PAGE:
The Ten Thousand Things

  • by John Spurling
  • The Overlook Press
  • 400 pp.

This elegant historical novel portrays the life of Wang Meng, a master of Chinese painting at the dawn of the Ming Dynasty.

The Ten Thousand Things

It is written in the Dao De Jing, “Dao gives birth to one, One gives birth to two, Two gives birth to Three, Three gives birth to the ten thousand things.” From chaos comes order (“Let there be light”); from light comes darkness (yin and yang); like the holy trinity, they merge to become the Supreme Ultimate; from which is created the world and everything in (and out of) it.

Through the life of Wang Meng, one of the Four Masters of the Yuan Dynasty who were renowned for their sweeping ink-on-paper landscapes wrought with calligraphic mastery, author John Spurling subtly and elegantly illustrates Daoist precepts in his novel The Ten Thousand Things. Descended from the founding emperor of the now vanquished Song Dynasty as well as revered painters Zhao Mengfu and Guan Daosheng, Wang Meng is a reluctant bureaucrat in the government of the waning Yuan dynasty in the mid-14th century during “the eighty-fourth winter of Mongol occupation.”

They were turbulent times, but are there ever times that are not turbulent? The Mongol conquerors were losing their grip on the empire, and bandit rebellions were popping up throughout the nation. Caught in the middle were the bureaucrats who served their foreign masters while yearning for the days of the Song Dynasty when the emperor was at least Han Chinese. As the story begins, Wang Meng has just resigned his post as a legal secretary and retreated to his country home to do what he most enjoys, live simply, contemplate nature, and paint. He is 36 years old, and just becoming a master of his art.

The novel is framed by a first-person narrative of 78-year-old Wang, imprisoned by the suspicious, tyrannical first emperor of the Ming Dynasty, who has wrested control of the empire from the Mongolian Yuan. To pass the time, Wang sets down his life story, written in the third-person in order “to see the pattern of my own life in the way I see a tree in a landscape and to look at myself as someone else.”

His tale opens with Wang Meng losing a jade ring that was passed down from his ancestor, the Song emperor, and his previously staid life becomes as roiled as the times. A bandit called the White Tigress visits Wang to request his help in getting revenge on the magistrate who killed her husband. While protecting his master’s house, Wang’s loyal servant accidentally burns down the studio and then dies trying to rescue its contents. Deeply bereaved at the loss of his servant and feeling ungrounded by the destruction of his life’s work, he agrees to devise a stratagem for the White Tigress’ revenge. The brutal battle not only brings slaughter to the magistrate, his household, and the town, but kills the White Tigress, as well.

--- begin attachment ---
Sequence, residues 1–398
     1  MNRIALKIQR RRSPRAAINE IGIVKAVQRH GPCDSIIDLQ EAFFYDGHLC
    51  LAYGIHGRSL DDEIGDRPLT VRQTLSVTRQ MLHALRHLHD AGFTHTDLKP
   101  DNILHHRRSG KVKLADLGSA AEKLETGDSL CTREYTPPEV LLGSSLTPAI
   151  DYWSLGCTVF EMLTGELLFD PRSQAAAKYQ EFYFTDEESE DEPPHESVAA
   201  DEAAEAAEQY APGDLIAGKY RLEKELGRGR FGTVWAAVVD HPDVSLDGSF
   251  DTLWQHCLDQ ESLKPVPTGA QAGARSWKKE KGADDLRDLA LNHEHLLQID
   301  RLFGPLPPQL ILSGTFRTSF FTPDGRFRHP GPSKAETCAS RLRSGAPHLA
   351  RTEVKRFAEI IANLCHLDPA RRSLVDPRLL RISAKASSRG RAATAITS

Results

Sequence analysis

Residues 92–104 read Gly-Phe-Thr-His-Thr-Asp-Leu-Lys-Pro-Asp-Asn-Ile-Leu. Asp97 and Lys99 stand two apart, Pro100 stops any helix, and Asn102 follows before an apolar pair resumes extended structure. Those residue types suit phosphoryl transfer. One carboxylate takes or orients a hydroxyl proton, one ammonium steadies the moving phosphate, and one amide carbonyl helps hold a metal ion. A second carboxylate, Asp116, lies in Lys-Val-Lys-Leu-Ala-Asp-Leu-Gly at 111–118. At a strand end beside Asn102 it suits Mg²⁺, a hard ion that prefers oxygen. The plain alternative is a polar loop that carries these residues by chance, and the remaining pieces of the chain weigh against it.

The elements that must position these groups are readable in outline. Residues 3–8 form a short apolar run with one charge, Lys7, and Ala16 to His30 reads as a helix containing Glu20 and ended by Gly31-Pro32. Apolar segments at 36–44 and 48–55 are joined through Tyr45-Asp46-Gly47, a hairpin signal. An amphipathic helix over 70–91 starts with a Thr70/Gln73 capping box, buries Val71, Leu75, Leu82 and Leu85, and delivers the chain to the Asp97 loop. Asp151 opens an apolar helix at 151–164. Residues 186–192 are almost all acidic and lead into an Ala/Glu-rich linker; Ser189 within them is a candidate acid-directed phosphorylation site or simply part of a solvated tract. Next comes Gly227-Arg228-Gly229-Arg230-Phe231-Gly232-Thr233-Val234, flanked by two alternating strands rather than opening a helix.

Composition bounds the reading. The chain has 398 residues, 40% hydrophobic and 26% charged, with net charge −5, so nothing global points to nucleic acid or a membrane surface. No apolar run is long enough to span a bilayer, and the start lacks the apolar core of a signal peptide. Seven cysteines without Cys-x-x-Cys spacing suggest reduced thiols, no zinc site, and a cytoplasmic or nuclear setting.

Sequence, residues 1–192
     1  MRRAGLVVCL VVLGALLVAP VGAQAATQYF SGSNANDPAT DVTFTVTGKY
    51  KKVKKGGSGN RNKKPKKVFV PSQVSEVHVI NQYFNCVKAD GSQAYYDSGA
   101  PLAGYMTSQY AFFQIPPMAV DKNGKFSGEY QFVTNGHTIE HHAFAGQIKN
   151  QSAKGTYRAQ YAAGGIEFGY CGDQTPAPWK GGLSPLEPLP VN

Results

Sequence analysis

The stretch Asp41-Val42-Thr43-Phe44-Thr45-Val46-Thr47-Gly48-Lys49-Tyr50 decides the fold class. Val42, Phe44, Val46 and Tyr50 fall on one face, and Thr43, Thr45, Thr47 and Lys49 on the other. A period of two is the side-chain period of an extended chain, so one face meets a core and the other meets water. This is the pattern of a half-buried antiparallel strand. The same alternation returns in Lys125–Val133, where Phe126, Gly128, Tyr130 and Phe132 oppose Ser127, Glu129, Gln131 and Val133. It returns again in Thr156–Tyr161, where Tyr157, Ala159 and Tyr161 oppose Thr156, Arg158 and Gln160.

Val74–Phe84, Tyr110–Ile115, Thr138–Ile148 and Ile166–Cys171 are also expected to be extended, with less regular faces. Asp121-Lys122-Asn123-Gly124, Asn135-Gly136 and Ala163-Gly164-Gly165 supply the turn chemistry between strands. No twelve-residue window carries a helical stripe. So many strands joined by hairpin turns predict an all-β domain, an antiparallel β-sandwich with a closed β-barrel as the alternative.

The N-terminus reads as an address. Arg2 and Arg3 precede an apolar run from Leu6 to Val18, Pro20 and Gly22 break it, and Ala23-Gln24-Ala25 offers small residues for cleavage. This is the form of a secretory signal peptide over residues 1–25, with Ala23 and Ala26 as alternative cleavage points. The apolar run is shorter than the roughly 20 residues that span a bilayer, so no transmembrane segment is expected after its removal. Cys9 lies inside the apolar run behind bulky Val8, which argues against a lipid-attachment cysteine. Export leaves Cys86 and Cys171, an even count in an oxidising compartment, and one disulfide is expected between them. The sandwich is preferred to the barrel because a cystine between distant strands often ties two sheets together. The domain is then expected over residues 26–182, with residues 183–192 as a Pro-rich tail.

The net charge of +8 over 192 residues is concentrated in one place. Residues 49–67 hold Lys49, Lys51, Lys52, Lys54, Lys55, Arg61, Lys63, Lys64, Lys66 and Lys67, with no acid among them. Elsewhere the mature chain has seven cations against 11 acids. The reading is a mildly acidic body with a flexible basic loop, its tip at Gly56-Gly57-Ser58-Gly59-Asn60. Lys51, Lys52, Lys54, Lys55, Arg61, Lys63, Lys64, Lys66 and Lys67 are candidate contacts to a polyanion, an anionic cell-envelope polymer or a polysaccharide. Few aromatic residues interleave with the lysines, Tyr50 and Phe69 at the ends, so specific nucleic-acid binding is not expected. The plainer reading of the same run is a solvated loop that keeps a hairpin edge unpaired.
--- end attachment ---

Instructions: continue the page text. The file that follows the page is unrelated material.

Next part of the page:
From there, Wang navigates the dangerous territory of a dying empire. The years, and the tragedies, bring him wisdom and acceptance. He sees how everything has its opposite — the two that comes from one — and how the balance of the two shapes the world.

These balanced oppositions abound in his life. Wang’s closest friend is Ni Zan, an artist who is his opposite, producing austere, monochromatic ink paintings which “contained the least and demanded the most of both artist and viewer.” Wang’s grandfather was loyal to the Yuan Dynasty, which meant that he was disloyal to the former dynasty, from whose emperor he was descended. The bandits become patriots as they fight the government, and what was an act of theft becomes an honorable rebellion against the government’s own criminally high taxes. A young novice named Zhu who Wang meets at a monastery becomes the warlord who will conquer the Mongols to become the first emperor of the Ming Dynasty. He will also usher in a new terror as he eliminates imagined enemies and traitors, including Wang, the very man who told him to leave the monastery and go live in the real world. For the simple act of going to see the art collection of the new emperor’s prime minister, who shortly thereafter is executed for conspiracy, Wang is thrown in jail for treason, which is why he is penning his memoirs.

Just when Zhu ascends the throne as the next emperor, Wang’s jade ring is found and returned to him. So begins the cycle again. A peasant has become emperor. Wang is given another, more elevated, bureaucratic posting. The new emperor proves to be just as despotic as the old one.  He strives to return the empire to “a more primitive age [of] much simpler, smaller, wholly agricultural kingdoms of the distant past and the egalitarian, nature-based ideals of the Daoists, but he sought to achieve them in a most un-Daoist way, by active coercion.” Class becomes rigid so a peasant must always stay a peasant, the population is forcibly resettled, an elaborate system of registering households is established (some form of which is still in effect in China today), education is strictly regulated, even the clothes people wear are prescribed. Centuries later, these tactics have been employed by Chinese governments from the Ming Dynasty to today’s Communist Party.

Like the scroll paintings that Wang creates, The Ten Thousand Things is a deceptively simple book. At first you see a long series of events that make up the artist’s life. With contemplation, the details get clearer, the artist’s intent sharper. The story is timeless, as are the mountains that Wang Meng was acclaimed for painting, which endure to this day. The definition of life, Spurling’s Wang asserts, is “that every one of the ten thousand things ha[s] an invisible, indestructible spirit within its visible, vulnerable body.”

Alice Stephens is a regular contributor to the Independent. Her column, Alice in Wordland, appears monthly.

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